Symphony: Daar kom die Alibama
was commissioned by the Edinburgh International Festival and first performed by the Scottish Chamber Orchestra conducted by Robin Ticciati at the Usher Hall, Edinburgh, on 27 August 2010. The title comes from an African folksong, one of the most extraordinary pieces of cross-cultural music I have come across. It was written in Africa in 1863 in the British colony of Cape of Good Hope, by members of the Cape Malay community, in Afrikaans (a language of Dutch origin) about the arrival of the confederate warship, the Alabama, in Table Bay, Capetown. The Cape Malays, who became known as the ‘Cape Coloureds’ were descendants of Malayan and Indonesian slave and political prisoners, who by this time were often of mixed race, having intermarried with both European and sometime Hoi, Griqua and other indigenous people.
According to the Cape Malay Choir Board:
In July 1863 Governor Woodhouse of the Cape was informed that the Alibama was in Saldanha Bay, in pursuit of an enemy vessel, the Sea Bride. Onlookers who lined the shore of Table Bay, Greenpoint and Camps Bay and who had never seen a steamer before, were delighted when the Alibama forced the defeated Sea Bridge into Table Bay. The victory tale soon became a folk song.
I have called my piece Symphony: Daar kom die Alibama
referring to the original meaning of symphony as ‘sounding together’, partly in honour of this extraordinary song, which is celebrated by so many different communities. However, my Symphony has nothing to do with the 18th and 19th century genre, with its movement structure, its themes, motives and development. On the contrary, in line with most of the avant-garde music of the second half of the 20th century, there are NO themes, motifs, no development and no climaxes, although I have allowed myself a certain amount of repetition. Rather there is simply a juxtaposition of different orchestral textures. All material and patterning is treated structurally and not dramatically. As with many of my earlier pieces, the structuring principles of the piece could more easily be compared with that of African textiles than musical models. The piece is not based in any way on the original song.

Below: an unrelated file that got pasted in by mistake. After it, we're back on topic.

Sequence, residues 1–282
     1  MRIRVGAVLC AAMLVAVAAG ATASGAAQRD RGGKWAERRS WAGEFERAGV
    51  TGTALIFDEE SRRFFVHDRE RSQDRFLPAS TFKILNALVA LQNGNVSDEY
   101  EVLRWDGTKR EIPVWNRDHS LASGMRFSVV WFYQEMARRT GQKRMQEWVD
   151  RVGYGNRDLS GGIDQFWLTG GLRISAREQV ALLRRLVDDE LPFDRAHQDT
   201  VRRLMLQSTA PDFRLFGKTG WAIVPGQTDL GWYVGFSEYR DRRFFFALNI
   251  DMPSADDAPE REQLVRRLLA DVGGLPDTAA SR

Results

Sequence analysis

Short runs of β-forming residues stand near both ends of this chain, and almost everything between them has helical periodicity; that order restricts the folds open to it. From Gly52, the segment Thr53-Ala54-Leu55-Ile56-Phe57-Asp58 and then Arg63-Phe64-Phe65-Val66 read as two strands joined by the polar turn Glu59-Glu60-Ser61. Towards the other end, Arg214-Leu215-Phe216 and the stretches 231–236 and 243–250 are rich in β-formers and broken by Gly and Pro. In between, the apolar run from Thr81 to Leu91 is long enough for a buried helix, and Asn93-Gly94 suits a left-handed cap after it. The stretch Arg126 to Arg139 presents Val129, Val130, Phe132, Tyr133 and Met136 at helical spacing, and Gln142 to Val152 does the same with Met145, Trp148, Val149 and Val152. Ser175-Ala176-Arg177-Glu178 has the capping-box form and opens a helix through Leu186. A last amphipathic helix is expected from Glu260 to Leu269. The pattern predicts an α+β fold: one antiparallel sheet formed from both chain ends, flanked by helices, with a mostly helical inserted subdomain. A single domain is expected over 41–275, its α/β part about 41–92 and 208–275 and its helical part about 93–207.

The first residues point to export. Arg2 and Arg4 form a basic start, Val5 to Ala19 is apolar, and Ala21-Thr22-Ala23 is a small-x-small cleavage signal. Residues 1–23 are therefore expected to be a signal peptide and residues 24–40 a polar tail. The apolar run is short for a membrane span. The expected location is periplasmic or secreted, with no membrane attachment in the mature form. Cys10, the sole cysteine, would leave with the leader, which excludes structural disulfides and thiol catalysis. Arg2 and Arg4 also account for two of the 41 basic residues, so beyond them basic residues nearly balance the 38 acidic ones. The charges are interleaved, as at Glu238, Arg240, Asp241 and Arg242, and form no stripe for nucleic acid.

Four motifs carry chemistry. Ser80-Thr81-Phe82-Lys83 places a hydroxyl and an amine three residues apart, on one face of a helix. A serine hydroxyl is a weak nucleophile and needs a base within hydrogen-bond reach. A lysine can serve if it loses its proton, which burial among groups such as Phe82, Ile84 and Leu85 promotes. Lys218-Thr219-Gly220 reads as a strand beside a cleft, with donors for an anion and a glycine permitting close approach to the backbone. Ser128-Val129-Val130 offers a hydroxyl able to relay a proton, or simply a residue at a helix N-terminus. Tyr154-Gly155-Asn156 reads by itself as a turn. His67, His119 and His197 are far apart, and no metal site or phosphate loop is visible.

While writing the piece it became for me a meditation on the sea and the role of ships and their cargoes in our history – the porcelains, textiles, spices, teas, teachers, explorers, exploiters, scientists, soldiers, weapons, diseases and slaves… So the piece hovers in a state of unfulfilled anticipation from beginning to end.